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Parents in Nova Scotia are learning they won't receive refunds following the cancellation of all student trips to international destinations – a decision made due to coronavirus concerns.

Halifax choir, Soundtrax, is comprised of students from various high schools throughout the city. Thirty-five members were scheduled to go on a cultural trip to Havana, Cuba organized through the school board’s music program – however, their hopes were dashed.  

Amid COVID-19 worries, the trip was cancelled.

“We're all pretty upset about it,” says choir member, Reghan Czech. “We put in a lot of time and kind of just became a really big family.”

“I understand that they had to what they had to do, and there was a risk involved,” says choir member Mason Crowber.

Their parents share the sentiment; however, they have concerns the money paid for the trip won’t be refunded. Costing $2,500 per student, many students saved for the voyage themselves and even fundraised to cover trip expenses.

“We've got a portion of the group that actually bought insurance,” says parent, Darren Czech. “And there are those unfortunate folks who didn't purchase insurance.”

The tour company, Canada-Cuba Sports and Cultural Festivals, informed parents it would not be giving refunds. In a letter, the company said those who bought the recommended travel insurance through Manulife would have to try to get a refund in a claim.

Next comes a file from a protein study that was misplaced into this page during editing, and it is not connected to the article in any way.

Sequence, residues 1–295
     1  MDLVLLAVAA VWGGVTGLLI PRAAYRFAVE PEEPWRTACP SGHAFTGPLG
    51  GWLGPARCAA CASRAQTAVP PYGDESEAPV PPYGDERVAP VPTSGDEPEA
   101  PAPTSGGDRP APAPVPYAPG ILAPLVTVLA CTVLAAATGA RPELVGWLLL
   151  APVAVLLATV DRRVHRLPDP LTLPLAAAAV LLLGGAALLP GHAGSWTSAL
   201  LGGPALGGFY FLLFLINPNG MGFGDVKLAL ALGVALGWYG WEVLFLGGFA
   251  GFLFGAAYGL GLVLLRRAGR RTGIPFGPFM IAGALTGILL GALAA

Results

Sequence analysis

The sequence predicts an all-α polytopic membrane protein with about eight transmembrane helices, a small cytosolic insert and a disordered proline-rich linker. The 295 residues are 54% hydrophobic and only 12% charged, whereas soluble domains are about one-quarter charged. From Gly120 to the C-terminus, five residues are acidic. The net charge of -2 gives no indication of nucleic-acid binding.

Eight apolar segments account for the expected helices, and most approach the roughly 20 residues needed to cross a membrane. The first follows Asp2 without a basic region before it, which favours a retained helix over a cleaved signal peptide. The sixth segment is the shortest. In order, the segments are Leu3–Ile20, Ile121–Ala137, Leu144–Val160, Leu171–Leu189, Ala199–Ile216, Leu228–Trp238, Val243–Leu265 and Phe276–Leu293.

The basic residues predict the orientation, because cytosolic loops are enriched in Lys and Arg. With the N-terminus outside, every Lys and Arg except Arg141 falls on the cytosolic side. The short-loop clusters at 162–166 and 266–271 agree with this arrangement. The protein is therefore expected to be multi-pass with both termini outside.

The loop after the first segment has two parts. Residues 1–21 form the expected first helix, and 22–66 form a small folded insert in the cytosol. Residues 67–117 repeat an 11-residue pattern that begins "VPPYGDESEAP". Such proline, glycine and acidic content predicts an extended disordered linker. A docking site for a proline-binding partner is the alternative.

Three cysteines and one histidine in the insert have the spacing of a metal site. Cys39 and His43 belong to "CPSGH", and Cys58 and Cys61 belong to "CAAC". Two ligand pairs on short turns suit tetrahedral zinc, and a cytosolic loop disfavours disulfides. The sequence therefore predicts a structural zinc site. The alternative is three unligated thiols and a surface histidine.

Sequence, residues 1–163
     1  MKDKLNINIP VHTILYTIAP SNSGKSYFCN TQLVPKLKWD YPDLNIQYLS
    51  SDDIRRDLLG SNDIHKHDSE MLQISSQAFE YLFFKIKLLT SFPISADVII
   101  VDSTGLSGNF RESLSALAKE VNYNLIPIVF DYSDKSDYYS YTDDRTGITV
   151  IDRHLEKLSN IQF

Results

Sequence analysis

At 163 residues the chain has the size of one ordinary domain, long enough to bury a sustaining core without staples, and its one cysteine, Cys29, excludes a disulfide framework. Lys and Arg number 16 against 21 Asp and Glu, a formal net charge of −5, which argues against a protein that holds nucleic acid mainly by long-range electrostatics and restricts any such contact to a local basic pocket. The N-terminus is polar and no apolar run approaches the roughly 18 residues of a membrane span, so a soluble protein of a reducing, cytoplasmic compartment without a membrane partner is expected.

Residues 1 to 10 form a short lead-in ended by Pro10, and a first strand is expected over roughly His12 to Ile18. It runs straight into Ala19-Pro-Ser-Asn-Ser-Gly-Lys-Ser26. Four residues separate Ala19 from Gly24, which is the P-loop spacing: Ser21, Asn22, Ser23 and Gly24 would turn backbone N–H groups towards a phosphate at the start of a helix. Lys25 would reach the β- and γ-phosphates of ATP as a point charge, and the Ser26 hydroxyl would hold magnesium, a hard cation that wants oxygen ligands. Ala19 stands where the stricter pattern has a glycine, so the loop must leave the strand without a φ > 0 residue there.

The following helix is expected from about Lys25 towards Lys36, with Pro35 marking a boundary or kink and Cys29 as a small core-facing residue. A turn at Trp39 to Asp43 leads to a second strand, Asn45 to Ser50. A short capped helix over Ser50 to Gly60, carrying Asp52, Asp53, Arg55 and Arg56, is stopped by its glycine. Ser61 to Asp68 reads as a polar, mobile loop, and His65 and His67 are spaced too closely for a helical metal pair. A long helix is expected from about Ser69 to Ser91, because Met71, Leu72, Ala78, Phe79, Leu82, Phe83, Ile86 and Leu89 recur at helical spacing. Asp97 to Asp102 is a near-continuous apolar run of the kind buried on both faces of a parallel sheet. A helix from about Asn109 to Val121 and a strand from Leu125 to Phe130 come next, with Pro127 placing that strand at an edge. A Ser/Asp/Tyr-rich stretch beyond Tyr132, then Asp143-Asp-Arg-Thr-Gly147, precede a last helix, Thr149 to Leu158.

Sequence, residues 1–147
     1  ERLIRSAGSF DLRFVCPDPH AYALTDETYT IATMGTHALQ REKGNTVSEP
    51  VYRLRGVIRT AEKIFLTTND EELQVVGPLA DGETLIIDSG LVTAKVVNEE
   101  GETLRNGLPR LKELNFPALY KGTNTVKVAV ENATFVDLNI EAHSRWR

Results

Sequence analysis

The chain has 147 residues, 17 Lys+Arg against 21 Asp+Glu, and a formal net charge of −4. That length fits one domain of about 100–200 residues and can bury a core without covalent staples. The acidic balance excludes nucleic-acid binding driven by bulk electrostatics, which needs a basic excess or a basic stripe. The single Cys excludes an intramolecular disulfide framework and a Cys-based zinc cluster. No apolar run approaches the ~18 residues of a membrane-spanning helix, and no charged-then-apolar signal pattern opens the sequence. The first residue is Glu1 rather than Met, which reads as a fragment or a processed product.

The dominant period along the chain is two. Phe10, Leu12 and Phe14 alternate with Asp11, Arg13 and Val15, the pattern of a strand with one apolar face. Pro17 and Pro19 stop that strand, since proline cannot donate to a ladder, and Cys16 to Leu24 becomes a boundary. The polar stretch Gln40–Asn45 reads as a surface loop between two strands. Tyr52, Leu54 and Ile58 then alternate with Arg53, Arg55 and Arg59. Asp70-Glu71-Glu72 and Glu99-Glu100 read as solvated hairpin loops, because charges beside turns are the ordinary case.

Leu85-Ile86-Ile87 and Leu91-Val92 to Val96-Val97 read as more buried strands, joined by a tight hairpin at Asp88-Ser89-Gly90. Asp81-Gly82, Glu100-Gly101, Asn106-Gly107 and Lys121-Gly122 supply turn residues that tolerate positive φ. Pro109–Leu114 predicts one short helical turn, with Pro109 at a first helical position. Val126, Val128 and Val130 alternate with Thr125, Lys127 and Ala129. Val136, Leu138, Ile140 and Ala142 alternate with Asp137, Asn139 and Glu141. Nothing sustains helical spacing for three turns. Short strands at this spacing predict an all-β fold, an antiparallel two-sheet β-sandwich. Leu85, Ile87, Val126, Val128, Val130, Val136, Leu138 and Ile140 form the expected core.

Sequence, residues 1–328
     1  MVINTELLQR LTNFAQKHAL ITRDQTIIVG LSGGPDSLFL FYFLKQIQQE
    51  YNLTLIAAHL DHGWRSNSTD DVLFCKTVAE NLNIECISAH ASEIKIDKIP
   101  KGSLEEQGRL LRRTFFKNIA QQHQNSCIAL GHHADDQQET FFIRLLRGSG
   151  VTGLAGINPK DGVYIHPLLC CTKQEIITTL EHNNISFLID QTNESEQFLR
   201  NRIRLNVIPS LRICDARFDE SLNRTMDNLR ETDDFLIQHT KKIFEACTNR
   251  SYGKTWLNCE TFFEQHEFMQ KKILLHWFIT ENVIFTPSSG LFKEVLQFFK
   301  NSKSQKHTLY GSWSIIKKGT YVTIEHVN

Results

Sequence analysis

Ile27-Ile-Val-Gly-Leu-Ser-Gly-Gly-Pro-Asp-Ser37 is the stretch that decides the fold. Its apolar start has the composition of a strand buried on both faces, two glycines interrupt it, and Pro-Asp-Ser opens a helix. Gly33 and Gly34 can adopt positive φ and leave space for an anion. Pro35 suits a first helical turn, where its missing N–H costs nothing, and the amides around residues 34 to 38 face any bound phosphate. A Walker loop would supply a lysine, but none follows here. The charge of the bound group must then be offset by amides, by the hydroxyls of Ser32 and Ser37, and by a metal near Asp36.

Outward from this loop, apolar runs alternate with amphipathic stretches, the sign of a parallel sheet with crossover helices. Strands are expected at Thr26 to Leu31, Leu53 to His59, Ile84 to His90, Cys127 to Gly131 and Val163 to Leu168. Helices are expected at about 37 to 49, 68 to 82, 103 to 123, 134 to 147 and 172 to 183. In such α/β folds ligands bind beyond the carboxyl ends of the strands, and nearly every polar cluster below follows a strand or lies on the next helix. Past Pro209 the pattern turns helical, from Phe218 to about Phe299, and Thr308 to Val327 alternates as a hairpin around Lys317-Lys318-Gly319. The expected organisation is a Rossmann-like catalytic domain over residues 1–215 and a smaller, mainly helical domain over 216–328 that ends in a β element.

“We've put our claim in, the claim has not been rejected,” says Darren Czech, “But we've been told that due to the clause, that we would not be insured as well.”

That clause in the policy states trip cancellation would be covered if there was an identified threat. However, Cuba isn't on the federal government's list of travel advisories – therefore, it may not qualify.

“I'm kind of shocked that the insurance company would not respect a decision by the province at the advice of the chief medical officer,” says parent Sarah Devanney.

In a statement released on Saturday, a spokesperson with the Halifax Regional Centre for Education says:

“We encourage families to work with their school trip organizer, travel company and insurance provider(s) to explore available options….we have reached out to travel companies to encourage them to support families through this process.”

Parents are still trying to cope with dashed hopes of the costly trip that won’t happen.

“As parents, obviously, we were devastated to have the trip cancelled,” says Devanney. “I think it broke all of our hearts.”

 Meanwhile, they hope they will receive assistance in finding some consolation for their loss.